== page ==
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Korgs poly61 & 61m

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Poly 61

The KORG Poly-61 (PS-61) is an analogue programmable polyphonic synthesizer released by Korg in 1982, as a successor to the Polysix. It was notable for being Korg's first "knobless" synthesizer - featuring a push-button interface for programming, dispensing from the Polysix's knobs and switches. The Poly-61 also is using digitally controlled analog oscillators or DCO's (Roland's Juno-6 had made the same leap the previous year), in place of the Polysix' VCOs. The Poly-61 also boasted double the amount of patch memory (64 memory positions versus the Polysix's 32), but did not feature its predecessor's on board effects.

Poly-61
Manufacturer
Korg (Keio Electronic Laboratories)
Dates
1982-1986
Technical specifications
Polyphony
6 voices
Timbrality
Monotimbral
Oscillator
2 DCOs per voice
LFO
1
Synthesis type
Analog Subtractive
Filter
1 low-pass per voice
Attenuator
1 VCA per voice
1 ADSR envelope per voice
Storage memory
64 patches
Input/output
Keyboard
61 keys
External control
Poly-61M has MIDI

In 1984 a MIDI version, the Poly-61M was released featuring basic MIDI implementation, however, prior to that, a person could order a factory installed Poly 61 with MIDI in and MIDI out jacket installed on a plate on the rear of the keyboard; simply called Poly-61 with Factory Installed MIDI. The MIDI of the day was quite crude, relatively, with only note on and note off information. No velocity (the amount of force the key is pressed); no Aftertouch, (the programable parameter of what happens after Note Off) and other standards of today was missing.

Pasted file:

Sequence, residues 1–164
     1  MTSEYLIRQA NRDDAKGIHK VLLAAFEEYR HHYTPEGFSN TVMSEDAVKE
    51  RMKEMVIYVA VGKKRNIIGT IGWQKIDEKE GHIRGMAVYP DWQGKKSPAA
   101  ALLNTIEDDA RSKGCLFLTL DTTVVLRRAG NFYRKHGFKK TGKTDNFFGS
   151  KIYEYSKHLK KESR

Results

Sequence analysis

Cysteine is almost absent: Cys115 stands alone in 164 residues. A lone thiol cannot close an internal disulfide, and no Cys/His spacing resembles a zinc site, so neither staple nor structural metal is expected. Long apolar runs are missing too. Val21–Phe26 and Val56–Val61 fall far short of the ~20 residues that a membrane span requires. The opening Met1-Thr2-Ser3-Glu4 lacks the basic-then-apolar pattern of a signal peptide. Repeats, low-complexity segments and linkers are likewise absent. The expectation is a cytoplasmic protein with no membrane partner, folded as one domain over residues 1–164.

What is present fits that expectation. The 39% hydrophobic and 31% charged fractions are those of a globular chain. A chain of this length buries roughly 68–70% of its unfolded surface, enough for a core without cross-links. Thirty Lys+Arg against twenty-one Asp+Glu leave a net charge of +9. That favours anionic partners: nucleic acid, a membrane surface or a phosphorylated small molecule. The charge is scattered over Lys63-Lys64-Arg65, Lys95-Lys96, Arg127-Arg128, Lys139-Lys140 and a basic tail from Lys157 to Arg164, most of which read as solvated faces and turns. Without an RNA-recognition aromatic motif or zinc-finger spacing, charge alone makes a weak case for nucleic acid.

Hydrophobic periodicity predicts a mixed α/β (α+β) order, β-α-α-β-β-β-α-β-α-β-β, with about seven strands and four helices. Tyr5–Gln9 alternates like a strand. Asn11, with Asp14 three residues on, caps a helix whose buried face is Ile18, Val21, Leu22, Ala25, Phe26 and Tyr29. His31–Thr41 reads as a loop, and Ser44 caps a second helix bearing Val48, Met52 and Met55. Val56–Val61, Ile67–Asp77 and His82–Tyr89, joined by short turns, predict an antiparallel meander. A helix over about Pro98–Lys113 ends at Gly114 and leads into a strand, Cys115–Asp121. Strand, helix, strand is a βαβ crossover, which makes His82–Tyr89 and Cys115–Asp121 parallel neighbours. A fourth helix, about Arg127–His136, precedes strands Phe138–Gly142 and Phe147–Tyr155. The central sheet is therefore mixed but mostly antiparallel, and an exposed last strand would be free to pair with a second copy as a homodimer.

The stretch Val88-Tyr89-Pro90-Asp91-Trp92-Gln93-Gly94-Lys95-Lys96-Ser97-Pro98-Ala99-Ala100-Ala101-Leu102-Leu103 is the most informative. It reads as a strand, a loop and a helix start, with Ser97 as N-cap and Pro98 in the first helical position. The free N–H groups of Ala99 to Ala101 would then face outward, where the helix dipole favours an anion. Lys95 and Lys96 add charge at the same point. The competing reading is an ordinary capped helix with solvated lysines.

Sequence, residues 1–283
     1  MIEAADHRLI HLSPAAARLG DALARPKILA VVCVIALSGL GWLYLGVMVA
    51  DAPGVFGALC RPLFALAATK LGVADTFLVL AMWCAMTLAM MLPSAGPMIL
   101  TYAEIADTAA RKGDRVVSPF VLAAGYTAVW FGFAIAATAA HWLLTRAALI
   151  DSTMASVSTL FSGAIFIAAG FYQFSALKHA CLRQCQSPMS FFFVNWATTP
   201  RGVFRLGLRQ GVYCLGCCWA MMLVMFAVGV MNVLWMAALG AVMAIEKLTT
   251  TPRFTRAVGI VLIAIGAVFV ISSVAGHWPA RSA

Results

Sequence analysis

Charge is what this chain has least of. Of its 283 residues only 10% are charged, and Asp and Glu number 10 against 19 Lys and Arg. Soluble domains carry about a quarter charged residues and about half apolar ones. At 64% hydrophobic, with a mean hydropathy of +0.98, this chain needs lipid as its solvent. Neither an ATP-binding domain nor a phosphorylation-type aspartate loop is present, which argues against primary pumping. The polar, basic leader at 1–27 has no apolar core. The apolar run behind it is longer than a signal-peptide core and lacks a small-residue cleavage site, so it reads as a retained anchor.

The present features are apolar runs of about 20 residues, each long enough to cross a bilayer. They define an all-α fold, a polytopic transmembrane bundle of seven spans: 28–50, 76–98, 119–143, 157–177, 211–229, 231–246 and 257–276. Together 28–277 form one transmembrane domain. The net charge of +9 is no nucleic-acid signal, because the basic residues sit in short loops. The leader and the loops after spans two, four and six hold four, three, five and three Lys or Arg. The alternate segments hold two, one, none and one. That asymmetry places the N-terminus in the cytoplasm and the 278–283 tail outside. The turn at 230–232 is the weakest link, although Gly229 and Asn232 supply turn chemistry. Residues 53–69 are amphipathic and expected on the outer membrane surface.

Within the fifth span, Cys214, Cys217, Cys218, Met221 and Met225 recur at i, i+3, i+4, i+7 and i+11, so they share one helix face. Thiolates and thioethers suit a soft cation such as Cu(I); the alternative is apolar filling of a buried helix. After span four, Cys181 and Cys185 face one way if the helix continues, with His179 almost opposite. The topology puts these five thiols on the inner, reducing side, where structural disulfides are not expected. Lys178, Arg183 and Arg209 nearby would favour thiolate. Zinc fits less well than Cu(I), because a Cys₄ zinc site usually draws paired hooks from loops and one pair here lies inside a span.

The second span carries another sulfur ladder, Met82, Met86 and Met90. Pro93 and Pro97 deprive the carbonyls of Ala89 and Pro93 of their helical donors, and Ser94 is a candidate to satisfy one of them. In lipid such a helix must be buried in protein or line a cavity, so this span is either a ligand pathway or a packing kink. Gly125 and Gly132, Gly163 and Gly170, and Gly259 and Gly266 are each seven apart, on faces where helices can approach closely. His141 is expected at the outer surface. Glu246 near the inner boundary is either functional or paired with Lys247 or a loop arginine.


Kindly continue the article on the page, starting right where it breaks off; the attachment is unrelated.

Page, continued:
The Poly-61 offers two DCOs per voice. DCO1 provides sawtooth, pulse, and PWM waveforms. DCO2 has only sawtooth and square.

Filter Edit
The filter has the typical controls for cutoff, resonance, keyboard tracking and envelope amount. Some of these are rather limited by the poor parameter resolution. Keyboard tracking is simply "on" or "off" for example, and resonance and envelope level (here labelled "EG Intensity") have only 8 values.

Output Edit
The final component in the audio path is a VCA. It can be driven by the envelope generator or a CV/Gate pulse.

Embedded processors Edit
NEC D8049C - 8 bits, 11 MHz (max.), 40 pins (DIP), Supply Voltage = 5V

There are 2 of them on the CPU board (KLM-509), one is a Programmer and the other is an Assigner.

The 8049 has 2 kB of masked ROM as well as 128 bytes of RAM and 27 I/O ports. The ┬ÁC's oscillator block divides the incoming clock into 15 internal phases, thus with its 11 MHz max. crystal, one gets 0.73 MIPS (of one-clock instructions). Some 70% of instructions are single byte/cycle, but 30% need two cycles and/or two bytes, so raw performance is closer to 0.5 MIPS. The minimum instruction length is 8 bits and the maximum instruction length is 16 bits.

The envelope is an ADSR type. All parameters can only be set to one of 16 values.

There are 6 SSM-2056 analog envelope generator chips used in the Poly 61, each being controlled by discrete 4-bit D/A converters. This means there are only 16 possible settings for each of the ADSR parameters.

LFO
The LFO (known as a 'modulation generator' on the Poly-61) is a simple triangle wave that can be routed to the DCOs or VCF. It has a variable delay before it is triggered.

Users:
Com Truise
FM Static
Homeshake
Jesse Saunders
Kanjo
Ray Parker Jr. "Ghostbusters"
The Faint
Twenty Four Hours
Tuxedomoon

These are way cool in my book... And great Synths at sometimes a lower price point than more popluar synth of early 80s!! Great features and sound

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